Restaurants who do participate and approach customers with an open mind to resolve a complaint make a stronger customer. This is assuming that on their best day they are a great service and quality place and that a customer may have seen them on a worst day senario. Or that the restaurant is reading a review written on the customers worst day.

    Of all three of the restaurants I’ve put above, I’ve gone to them all again and would recommend them to friends. I’ve heard of other restaurants banning reviewers for far less than what I wrote.

    • Thanks for the comments John. That’s got to be the worst thing a restaurant can do: ban a reviewer. It’s good to hear restaurateurs engaging their customers like the 3 you related above. And look what a loyal customer they’ve developed!

      I think you are probably right that social media doesn’t work for every single restaurant. For instance, a small cafe in Nebraska probably needs to engage their customers more face-to-face than over the internet. But in general, and especially in competitive urban environments, restaurants ignore social media at their extreme peril.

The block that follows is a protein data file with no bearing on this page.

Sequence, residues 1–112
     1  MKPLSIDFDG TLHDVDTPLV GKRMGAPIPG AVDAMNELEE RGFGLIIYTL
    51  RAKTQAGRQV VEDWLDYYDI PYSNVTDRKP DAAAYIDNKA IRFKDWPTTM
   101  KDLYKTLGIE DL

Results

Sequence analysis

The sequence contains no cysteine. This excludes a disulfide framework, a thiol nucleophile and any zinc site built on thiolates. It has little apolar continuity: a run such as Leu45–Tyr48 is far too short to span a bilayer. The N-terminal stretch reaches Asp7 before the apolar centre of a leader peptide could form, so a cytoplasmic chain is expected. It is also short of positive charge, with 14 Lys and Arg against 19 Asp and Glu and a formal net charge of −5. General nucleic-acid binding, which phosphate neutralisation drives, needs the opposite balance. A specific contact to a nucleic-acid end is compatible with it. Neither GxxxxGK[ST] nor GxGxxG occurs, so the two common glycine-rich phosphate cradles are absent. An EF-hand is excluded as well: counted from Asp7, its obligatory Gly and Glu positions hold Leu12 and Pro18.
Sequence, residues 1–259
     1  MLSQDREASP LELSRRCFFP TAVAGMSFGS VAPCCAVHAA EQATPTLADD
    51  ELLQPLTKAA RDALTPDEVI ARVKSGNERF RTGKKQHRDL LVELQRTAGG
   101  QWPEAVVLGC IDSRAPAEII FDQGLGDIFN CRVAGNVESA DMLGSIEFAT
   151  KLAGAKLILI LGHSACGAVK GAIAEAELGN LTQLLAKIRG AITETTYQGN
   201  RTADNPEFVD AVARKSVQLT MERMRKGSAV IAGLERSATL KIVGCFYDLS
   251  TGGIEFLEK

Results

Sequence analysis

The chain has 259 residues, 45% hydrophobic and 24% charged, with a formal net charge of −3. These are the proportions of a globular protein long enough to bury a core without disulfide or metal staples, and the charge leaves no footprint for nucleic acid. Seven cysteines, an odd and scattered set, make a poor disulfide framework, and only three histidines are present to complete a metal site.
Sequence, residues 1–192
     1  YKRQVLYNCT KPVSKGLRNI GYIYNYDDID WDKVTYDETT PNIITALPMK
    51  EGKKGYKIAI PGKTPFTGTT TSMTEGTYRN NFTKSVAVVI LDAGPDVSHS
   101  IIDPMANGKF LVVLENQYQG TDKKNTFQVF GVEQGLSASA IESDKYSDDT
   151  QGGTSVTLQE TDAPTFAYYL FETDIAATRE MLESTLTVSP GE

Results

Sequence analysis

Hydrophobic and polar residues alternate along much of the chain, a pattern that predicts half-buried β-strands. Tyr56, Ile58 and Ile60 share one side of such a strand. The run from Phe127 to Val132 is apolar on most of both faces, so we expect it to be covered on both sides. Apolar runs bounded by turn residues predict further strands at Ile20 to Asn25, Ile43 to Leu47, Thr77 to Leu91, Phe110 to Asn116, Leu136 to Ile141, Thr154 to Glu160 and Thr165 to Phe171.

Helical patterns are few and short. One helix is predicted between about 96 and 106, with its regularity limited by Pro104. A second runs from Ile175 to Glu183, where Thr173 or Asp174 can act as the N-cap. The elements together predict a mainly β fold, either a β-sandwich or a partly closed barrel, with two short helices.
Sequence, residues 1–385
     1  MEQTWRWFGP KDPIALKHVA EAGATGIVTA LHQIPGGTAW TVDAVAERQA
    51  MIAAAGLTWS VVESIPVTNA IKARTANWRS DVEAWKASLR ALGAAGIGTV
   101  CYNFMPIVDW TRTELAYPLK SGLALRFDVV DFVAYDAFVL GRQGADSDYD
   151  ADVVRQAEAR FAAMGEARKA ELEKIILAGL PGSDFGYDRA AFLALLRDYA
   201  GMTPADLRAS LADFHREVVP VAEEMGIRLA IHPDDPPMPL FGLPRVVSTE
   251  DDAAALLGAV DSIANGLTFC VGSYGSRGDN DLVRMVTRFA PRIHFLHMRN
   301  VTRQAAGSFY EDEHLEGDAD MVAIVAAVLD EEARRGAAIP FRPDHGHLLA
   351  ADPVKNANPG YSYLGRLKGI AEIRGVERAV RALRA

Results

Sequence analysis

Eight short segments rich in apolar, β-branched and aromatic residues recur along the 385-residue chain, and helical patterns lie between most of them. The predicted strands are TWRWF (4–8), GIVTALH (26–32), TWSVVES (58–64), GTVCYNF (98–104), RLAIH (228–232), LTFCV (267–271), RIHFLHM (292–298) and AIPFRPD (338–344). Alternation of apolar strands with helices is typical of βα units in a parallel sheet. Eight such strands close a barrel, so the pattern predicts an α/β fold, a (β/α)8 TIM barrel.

2. I like the idea of having your business participate in social media helps promote your website. You must agree that social media is one of the best marketing strategy for any kind of business.

  3. I am a restaurant owner and always respond to customers who review my restaurant whether the review is good or bad. However, I find it very time consuming jumping from one review site to another to check for new reviews, do you know of an easier way to do this?

    • Hi Daniel,

      What I would do is set up a Google Alert with your restaurant’s name as the keyword. That way, every time something new is posted on the internet mentioning your business a link to it will get emailed directly to you. To set up a Google Alert, go to google.com and click More in the upper left, then select Even More in the drop down menu then scroll down to Specialized Search and click Alerts.

      You’ll still need to check the major sites like Yelp for awhile afterwards to make sure your Alert is picking up the content you want it to and not missing anything. Over time you’ll probably want to add more Alerts to catch the different variations someone might use when talking about your business.